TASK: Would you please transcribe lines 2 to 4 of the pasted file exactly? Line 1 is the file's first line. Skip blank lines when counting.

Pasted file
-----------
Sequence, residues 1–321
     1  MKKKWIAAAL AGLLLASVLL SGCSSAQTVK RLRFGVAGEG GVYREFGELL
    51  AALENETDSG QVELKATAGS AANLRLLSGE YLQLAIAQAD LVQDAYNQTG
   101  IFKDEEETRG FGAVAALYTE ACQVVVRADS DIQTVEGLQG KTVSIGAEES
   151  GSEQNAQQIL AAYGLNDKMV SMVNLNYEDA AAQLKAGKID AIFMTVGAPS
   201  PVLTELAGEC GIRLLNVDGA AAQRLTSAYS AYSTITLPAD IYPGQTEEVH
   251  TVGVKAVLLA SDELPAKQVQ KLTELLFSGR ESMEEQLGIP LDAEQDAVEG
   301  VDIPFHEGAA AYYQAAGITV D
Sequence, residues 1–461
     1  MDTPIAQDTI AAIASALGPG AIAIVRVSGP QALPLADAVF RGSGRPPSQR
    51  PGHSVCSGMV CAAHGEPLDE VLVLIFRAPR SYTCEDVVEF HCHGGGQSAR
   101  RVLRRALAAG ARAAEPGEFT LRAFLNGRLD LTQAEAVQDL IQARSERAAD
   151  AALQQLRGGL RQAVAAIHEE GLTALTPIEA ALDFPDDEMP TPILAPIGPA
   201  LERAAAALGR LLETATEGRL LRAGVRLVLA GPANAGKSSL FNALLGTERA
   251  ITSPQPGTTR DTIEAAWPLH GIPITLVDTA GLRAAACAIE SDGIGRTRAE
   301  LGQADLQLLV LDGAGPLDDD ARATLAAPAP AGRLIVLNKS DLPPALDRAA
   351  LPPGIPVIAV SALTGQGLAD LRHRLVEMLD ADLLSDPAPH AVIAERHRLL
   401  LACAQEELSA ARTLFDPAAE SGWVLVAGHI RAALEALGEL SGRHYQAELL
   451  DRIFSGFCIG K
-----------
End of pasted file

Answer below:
     1  MKKKWIAAAL AGLLLASVLL SGCSSAQTVK RLRFGVAGEG GVYREFGELL
    51  AALENETDSG QVELKATAGS AANLRLLSGE YLQLAIAQAD LVQDAYNQTG
   101  IFKDEEETRG FGAVAALYTE ACQVVVRADS DIQTVEGLQG KTVSIGAEES